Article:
BEIJING (AP) — The U.S. and China forged the outlines of a deal Friday to end a diplomatic standoff over legal activist Chen Guangcheng that would let him travel to the U.S. with his family for a university fellowship.
After days of behind-the-scenes talks, reversals and emotional calls by Chen from a guarded hospital room, the U.S. and China made a series of announcements signaling a logjam had been broken.
The Chinese Foreign Ministry said Chen may apply for travel permits to study abroad. An American University has offered Chen a fellowship with provisions for his family, State Department spokeswoman Victoria Nuland said, adding that the U.S. expects Beijing to quickly process their travel permits, after which U.S. visas would be granted.
"Over the course of the day, progress has been made to help him have the future that he wants, and we will be staying in touch with him as this process moves forward," U.S. Secretary of State Hillary Rodham Clinton said speaking to reporters after two days of annual strategic talks in Beijing.
The deal, if tentative, showed renewed resolve by Washington and Beijing to end one of their most delicate diplomatic crises in years.
Dealing with Chen's case quickly allows the governments to focus on managing the larger irritants over trade, Syria, Iran and North Korea that bedevil relations between the world's largest economies, one a superpower, the other its up-and-coming rival.
A blind, self-taught lawyer and symbol in China's civil rights movement, Chen triggered the standoff after he escaped abusive house arrest in his rural town and sought refuge in the U.S. Embassy in Beijing last week.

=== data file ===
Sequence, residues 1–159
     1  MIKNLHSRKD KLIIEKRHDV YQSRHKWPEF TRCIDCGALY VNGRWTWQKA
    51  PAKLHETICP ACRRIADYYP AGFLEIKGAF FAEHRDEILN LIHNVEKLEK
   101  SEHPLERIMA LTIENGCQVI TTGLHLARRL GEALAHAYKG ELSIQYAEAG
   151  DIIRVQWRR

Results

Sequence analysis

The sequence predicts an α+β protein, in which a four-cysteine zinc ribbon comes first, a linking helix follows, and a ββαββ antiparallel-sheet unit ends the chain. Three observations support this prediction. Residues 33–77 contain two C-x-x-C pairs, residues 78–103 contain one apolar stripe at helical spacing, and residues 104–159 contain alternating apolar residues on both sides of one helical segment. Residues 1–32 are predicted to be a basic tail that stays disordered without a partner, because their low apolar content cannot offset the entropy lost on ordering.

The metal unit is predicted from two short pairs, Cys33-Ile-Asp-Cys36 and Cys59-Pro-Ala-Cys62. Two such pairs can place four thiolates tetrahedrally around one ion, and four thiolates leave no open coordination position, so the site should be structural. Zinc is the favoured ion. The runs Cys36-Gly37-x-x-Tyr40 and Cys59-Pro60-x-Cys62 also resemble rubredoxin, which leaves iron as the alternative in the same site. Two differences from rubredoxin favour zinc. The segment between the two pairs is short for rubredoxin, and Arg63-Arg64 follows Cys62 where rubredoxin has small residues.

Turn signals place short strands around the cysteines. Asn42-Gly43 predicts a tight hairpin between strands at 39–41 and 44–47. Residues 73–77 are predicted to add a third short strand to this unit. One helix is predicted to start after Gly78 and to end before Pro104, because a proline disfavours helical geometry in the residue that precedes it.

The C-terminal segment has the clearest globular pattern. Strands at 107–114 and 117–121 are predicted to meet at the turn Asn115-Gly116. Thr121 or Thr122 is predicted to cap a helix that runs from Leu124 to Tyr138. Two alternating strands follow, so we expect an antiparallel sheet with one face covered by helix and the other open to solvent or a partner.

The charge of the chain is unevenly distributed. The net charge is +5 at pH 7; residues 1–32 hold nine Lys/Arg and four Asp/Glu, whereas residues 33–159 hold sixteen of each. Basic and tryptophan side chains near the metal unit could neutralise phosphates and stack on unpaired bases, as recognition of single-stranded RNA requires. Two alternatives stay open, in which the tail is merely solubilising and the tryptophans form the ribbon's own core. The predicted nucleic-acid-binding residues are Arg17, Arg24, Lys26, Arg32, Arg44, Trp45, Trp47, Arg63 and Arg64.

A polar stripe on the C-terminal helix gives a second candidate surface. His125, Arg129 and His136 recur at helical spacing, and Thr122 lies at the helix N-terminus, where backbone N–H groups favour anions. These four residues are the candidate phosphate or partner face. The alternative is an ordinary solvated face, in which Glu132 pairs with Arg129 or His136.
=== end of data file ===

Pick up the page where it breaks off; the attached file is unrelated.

He left six days later under a negotiated deal in which he and his family were to be reunited at a hospital and then safely relocated in China so he can formally study law. But he then upended the agreement by saying they wanted to go abroad.
Obstacles to getting Chen out of China remain. Key among then is whether he would have to return to his home county in Shandong province to apply for a passport. Though a usual procedure, it would potentially expose him to retribution from the local officials who kept him and his family under brutal house arrest for his activism that exposed forced abortions and other misdeeds.
After emerging from the embassy and arriving at Chaoyang Hospital on Wednesday for treatment of an injury, Chen said he had no further direct contact with U.S. officials for nearly two days, fueling a sense of abandonment and fears about the safety of him, his wife and two children.
"I can only tell you one thing. My situation right now is very dangerous," Chen said told The Associated Press earlier Friday.
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